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Lake Powell Pipeline Environmental Analysis Highlights Region's Projected Demand For Water

Photo of the lake
ventdusud via iStock
The Lake Powell Pipeline draft environmental statement is now open for public comment.

The U.S. Bureau of Reclamation released a draft environmental impact statement for the Lake Powell Pipeline Monday, another step toward an official decision on the project that would move water from Lake Powell to Washington County. 

The document considers the potential environmental effects of two routes for the 140-mile pipeline, as well as a “no action alternative.” The draft statement is part of the National Environmental Policy Act review, which will end with a decision on whether to go forward with the project in early 2021.

The preferred route — dubbed the Southern Alternative — would go around the Kaibab Indian Reservation. The Highway Alternative would follow the road that cuts through the reservation. Both start in Page, Arizona, and end at the Sand Hollow Reservoir in Washington County.

The document released is 313 pages long and is packed with more information in its appendices. Members of the public have until Sept. 8 to comment on it. Rick Baxter, the project manager for the pipeline, encouraged people who want to give their input to be specific.

“Although we’re happy to take comments from people who like or dislike the pipeline project, we would prefer that you give us something that we can take a harder look at,” Baxter said. 

Proponents of the pipeline have said the variability of the Virgin River — Washington County’s main water source — will hinder growth in the county, which is projected by the Kem C. Gardner Institute to grow by 229% over the next 50 years. 

Washington County Water Conservancy District is one of the project participants. Brock Belnap, the assistant general manager for the pipeline, said the draft EIS confirms these concerns.

“The [document] recognizes there is a need for the project in Washington County, it specifically finds that the project is needed to address shortages in the future as a result of our growth,” Belnap said. “They also say the purpose of having a second reliable supply is legitimate.”

Local environmental group Conserve Southwest Utah has long been against the pipeline. Instead, they are advocating for the county to better conserve water and look into water reuse projects.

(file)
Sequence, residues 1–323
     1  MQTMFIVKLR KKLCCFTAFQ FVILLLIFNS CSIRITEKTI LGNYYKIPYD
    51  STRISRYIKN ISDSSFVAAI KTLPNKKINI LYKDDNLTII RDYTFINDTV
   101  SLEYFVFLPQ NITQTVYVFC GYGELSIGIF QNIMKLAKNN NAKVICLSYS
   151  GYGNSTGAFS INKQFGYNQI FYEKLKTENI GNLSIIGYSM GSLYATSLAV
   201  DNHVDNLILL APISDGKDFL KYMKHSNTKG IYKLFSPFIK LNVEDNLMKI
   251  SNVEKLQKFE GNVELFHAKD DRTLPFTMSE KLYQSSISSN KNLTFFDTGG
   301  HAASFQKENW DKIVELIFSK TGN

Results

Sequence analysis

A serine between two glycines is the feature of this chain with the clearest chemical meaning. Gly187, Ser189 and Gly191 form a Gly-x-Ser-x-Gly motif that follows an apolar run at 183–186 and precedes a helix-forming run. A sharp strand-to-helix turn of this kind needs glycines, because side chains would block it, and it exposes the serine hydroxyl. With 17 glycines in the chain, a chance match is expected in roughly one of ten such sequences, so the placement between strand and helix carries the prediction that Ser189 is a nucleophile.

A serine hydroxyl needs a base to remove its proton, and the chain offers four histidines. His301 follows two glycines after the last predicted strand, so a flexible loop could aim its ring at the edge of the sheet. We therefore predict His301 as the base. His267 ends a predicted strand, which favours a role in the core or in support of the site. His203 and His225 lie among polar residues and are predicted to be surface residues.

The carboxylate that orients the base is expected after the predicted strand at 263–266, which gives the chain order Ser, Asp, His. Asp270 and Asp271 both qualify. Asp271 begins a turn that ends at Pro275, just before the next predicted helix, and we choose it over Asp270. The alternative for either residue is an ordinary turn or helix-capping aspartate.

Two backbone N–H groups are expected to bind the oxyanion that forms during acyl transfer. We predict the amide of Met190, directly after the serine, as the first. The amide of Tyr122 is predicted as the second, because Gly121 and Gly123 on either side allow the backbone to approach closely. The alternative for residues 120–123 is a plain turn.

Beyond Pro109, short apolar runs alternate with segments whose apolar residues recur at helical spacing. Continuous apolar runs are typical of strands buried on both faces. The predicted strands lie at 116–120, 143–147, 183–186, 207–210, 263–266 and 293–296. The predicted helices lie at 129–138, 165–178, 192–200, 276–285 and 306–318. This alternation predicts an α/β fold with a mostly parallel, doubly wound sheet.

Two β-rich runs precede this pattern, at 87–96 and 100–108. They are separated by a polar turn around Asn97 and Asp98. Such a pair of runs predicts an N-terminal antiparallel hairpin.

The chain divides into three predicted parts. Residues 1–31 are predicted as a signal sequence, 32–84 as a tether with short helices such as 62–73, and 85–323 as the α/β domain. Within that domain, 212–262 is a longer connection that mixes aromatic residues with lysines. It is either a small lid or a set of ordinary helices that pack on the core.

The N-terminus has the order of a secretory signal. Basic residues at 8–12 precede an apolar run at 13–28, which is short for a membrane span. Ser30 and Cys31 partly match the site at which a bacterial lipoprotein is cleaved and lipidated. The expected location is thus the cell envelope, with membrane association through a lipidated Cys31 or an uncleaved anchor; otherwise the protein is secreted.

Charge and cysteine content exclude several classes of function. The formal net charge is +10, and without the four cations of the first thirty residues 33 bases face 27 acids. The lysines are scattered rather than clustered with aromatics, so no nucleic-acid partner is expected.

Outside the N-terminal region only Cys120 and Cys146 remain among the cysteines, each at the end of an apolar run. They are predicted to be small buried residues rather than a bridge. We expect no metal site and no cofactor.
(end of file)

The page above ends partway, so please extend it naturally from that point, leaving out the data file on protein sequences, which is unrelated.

Lisa Rutherford is a board member with the group and has been opposed to the pipeline for years. After just beginning to dig into the extensive draft statement, Rutherford said she reaffirmed her belief that it’s “unnecessary, costly and risky.” 

“We have enough water here, in this area, to grow for a long time and not have to extend ourselves financially to do it,” Rutherford said. 

The draft EIS projects the total cost of the preferred alternative would be between $1.89 and $2.01 billion. The water district has said the pipeline will be repaid through a mix of increased water rates, property taxes and impact fees. 

The draft EIS states the county has the ability to pay off the project, as long as the population projections from the Kem C. Gardner Institute ring true. 

Utah Rivers Council Executive Director Zach Frankel contends the numbers presented by proponents of the pipeline are inaccurate. He’s projected the pipeline will be closer to $3 billion, and will increase water rates in the county exponentially. 

“This $3 billion boondoggle is being presented by lobbyists as a gift to Washington County,” Frankel said. “But it’s really a burden that comes with a 500% increase in water rates since cheaper water sources are being ignored by a corrupt state agency that wants taxpayer funding.”

The pipeline is open for public comment until Sept. 8. Those who wish to comment can do so online, via mail or fax. The Bureau of Reclamation will be holding virtual meetings to talk about the statement and collect comments at 6 p.m. on July 8 and 9. The draft EIS is available online here.

Lexi Peery is a Report for America corps member who reports from KUER's Southwest Bureau in St. George. Follow Lexi on Twitter @LexiFP

Lexi is KUER's Southwest Bureau reporter
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